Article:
• For one thing, it seems very difficult to keep anything meaningful private in a VC. Consider “I own this specific NFT in the Dark Forest NFT collection,” versus “I own some NFT in the Dark Forest NFT collection.” It doesn’t look like the latter is directly possible right now with VCs (you can get an attestation to the latter, but you can’t just get the latter permissionlessly, which is a big difference).
    • This has some pretty important consequences. There’s the ideological and political stuff for sure, having the freedom not to reveal anything more than is necessary to authenticate etc. But also, information asymmetry is just important mechanically in order for many systems to function. For example, in any ID system where you are meant to custody some secret (private key, hash pre-image password, biometric, etc.), you need to prove you know a secret with some property without revealing everything about it. This has big implications for (the lack of) composability and permissionlessness; it also means that credential issuers have a loooot of power.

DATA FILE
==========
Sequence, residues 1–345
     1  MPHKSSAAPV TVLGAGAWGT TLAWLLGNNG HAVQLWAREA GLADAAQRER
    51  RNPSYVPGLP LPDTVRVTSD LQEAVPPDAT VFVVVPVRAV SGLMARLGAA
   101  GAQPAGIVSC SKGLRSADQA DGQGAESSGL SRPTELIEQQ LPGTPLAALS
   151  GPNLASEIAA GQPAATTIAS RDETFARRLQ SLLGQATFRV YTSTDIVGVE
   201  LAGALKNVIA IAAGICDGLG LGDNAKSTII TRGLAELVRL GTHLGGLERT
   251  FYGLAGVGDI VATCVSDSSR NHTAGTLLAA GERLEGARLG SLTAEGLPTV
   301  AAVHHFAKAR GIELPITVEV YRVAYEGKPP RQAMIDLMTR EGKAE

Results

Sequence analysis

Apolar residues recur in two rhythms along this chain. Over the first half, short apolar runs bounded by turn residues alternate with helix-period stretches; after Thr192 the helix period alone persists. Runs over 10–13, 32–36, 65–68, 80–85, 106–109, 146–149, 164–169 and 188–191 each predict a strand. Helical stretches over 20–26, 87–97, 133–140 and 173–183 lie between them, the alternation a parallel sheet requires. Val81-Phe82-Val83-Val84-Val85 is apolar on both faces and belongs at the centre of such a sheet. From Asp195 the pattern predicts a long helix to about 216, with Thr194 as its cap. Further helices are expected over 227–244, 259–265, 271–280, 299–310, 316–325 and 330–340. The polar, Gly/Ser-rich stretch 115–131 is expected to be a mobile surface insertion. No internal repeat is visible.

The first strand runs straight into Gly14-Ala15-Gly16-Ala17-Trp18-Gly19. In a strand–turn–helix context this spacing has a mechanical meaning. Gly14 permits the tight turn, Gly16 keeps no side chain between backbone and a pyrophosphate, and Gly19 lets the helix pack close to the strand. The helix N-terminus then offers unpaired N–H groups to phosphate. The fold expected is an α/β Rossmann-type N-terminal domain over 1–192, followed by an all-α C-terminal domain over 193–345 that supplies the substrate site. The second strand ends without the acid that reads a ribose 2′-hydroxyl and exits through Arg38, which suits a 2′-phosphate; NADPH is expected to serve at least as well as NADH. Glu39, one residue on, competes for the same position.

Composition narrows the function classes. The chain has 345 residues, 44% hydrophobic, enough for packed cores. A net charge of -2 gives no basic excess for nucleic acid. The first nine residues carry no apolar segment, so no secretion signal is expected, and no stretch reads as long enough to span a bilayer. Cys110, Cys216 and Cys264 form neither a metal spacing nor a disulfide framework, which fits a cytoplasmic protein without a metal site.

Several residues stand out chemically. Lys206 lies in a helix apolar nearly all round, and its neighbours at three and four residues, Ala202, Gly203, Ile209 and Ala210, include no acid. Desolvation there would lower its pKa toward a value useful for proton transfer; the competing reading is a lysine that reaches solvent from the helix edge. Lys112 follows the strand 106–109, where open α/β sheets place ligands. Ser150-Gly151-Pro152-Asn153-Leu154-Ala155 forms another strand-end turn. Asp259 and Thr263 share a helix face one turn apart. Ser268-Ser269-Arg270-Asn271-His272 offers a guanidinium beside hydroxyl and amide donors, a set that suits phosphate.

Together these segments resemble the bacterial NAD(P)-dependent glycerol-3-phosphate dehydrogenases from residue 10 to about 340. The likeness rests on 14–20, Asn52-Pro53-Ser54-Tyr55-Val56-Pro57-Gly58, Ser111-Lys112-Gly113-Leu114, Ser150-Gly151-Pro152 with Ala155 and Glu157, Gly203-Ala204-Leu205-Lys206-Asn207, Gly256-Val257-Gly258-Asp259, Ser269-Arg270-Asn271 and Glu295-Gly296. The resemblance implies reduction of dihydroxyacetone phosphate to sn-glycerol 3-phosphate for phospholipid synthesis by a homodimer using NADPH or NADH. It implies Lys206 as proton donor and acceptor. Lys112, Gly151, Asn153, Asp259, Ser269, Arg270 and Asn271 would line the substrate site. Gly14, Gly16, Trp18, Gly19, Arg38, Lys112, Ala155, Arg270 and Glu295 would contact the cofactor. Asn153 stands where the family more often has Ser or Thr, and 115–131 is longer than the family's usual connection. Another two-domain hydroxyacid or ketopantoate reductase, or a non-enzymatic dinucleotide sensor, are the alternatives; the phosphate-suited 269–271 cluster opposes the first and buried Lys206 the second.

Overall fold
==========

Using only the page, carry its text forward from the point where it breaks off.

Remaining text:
• Succinct proofs are important because some credentials or more complex attestations are likely to involve significant computation. Take the example of a credential that you can use to represent that you have some creditworthiness score, according to the execution of some public model or formula on some private data. A succinct proof of this fact is much less unwieldy than a massive JSON containing VCs of every major financial action you’ve taken in the last N years.